Retailers are hoping for a robust economy to lift their business in 2003, but most suspect theyll have to wait awhile.
Even optimists among 12,500 top retail executives gathered here this week for the annual convention of the National Retail Federation dont expect much improvement in consumer spending until the second half of the year.
“All Im hearing is expectations for modest sales growth, so youll have to get business from your competitors to grow,” said Martin Hanaka, president and chief executive of the Sports Authority, a sporting goods chain based in Fort Lauderdale.
In recent years, this national gathering of retailers has become an annual hand-wringing session over lackluster holiday sales, and this year is proving to be no exception. One presentation even featured a singer belting out the tune: “There’s got to be a morning after/ when it seems like the darkness will never end.”
“The consumer is ready to spend, but weve got to get all this Iraq-naphobia over with,” said Diane Swonk, a economist with Bank One in Detroit. “It has to be the most predicted war in history.”
Arnold Zetcher, chairman and chief executive of Talbot’s Inc., an apparel chain and catalog operator, said: “The forecasters may talk about a rebound in the second half, but Im only hearing caution from retailers. Frankly, that’s the same forecast we heard last year, and look how that ended.”
A big post-Christmas finish helped improve the results somewhat for the holiday selling season that ended Jan. 4. But retail federation economist Rosalind Wells expects the Commerce Department today will estimate that general merchandise sales, which includes everything from apparel to consumer electronics, rose about 3.5 percent during the two-month holiday season. That would be the worst season since 1998.
Industry leaders note that this year’s performance was skewed by price deflation of 2.8 percent. That meant retailers had to sell more stuff just to stay even with last year.
The federation tried to paint a happier face on a holiday performance that fell slightly short of its forecast of a modest 4 percent gain. Others said the results showed a lot about the frugality of today’s consumer.
“The post-holiday improvement only turned what was going to be a disaster into merely disappointing,” said Bill Wolfe, an analyst with Goldman Sachs. “This was the most price-sensitive holiday season in years.”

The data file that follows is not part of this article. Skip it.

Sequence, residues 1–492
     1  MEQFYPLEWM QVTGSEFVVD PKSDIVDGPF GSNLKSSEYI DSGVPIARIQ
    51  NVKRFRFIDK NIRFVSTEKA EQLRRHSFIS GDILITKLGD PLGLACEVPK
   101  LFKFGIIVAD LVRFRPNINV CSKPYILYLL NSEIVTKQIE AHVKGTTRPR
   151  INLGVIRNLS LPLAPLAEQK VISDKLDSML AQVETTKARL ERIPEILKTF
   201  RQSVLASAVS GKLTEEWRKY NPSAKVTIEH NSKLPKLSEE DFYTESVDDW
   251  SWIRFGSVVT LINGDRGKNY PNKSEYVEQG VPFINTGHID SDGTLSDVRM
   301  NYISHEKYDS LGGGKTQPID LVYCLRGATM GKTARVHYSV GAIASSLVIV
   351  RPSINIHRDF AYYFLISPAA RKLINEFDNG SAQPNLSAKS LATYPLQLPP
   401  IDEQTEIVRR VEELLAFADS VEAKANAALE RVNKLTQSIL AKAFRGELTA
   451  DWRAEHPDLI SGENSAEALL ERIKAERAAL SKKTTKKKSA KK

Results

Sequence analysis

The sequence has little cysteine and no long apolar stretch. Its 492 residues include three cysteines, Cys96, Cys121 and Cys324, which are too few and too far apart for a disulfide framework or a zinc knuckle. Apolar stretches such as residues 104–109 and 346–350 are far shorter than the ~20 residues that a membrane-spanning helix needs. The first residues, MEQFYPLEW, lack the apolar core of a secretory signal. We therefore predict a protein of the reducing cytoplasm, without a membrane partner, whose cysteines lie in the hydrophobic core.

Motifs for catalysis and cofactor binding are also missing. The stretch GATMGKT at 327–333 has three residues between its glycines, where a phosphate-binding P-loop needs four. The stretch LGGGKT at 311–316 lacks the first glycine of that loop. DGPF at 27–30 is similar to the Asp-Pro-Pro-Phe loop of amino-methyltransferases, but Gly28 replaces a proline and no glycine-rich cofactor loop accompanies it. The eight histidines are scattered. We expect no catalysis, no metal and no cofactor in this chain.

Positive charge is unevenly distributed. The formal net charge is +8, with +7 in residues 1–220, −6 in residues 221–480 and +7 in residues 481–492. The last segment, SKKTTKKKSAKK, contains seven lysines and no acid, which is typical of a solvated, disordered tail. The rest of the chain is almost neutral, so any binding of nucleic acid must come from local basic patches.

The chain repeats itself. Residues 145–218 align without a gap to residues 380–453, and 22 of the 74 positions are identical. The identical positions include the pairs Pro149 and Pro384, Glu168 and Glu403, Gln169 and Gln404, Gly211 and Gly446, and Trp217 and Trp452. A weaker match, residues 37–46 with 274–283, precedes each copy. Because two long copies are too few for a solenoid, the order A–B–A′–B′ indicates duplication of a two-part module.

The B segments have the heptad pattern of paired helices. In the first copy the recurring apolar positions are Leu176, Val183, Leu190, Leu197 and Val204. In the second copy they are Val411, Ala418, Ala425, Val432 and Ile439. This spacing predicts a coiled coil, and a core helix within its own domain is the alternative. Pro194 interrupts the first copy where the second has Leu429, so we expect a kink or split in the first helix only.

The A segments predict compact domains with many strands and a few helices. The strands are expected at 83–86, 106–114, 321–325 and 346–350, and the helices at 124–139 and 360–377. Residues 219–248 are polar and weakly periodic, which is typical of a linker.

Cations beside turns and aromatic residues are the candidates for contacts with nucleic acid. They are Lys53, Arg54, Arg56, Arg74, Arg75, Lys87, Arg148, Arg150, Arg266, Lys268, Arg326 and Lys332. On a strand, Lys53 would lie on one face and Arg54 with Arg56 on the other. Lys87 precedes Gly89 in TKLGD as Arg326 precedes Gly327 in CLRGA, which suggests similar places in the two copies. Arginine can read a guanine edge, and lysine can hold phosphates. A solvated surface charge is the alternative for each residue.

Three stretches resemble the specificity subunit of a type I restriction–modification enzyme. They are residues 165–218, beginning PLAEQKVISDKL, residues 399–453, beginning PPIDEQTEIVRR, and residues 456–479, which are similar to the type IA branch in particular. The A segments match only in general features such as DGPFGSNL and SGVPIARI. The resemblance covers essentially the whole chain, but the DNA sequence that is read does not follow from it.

“If sales grew 3.5 percent, they get half that much just from the growth in the population,” said Walter Salmon, retailing professor emeritus at Harvard Business School.
Some warnings of doom and gloom during the holiday season were based on an index showing increases of less than 2 percent among chain stores open more than a year. That’s a benchmark used to compare one chain’s performance with another, not the health of consumer spending. However, because the same-store figure was the worst performance in three decades, experts expect renewed pressure on retailers to close more stores.
Still, some economists see the fact that spending was up at all as a positive sign, given workers fears over job security, the damage done to consumer confidence by Wall Street scandals and the shrunken retirement accounts of baby boomers.
For all of 2002, the retail federation estimates general merchandise sales increased 5.4 percent, and it predicts sales will rise another 5.6 percent in 2003. Most of the gain would be in the second half of the year and presumes there is no Persian Gulf war. The federation pointed to low interest rates, minimal inflation, improved employee productivity and the likelihood that companies will begin investing in future growth again after two years of incessant cost-cutting.
“Im encouraged about the second half of 2003,” said Walter Loeb, a longtime industry analyst. “The problem is: Will there be a war or not? I dont see any big improvement in consumer spending until that uncertainty is resolved.”
Ron Sacino, chief executive of Sacino’s Formal Wear, a St. Petersburg chain of 25 stores, said, “If there is a war, were hoping it is a very quick one.”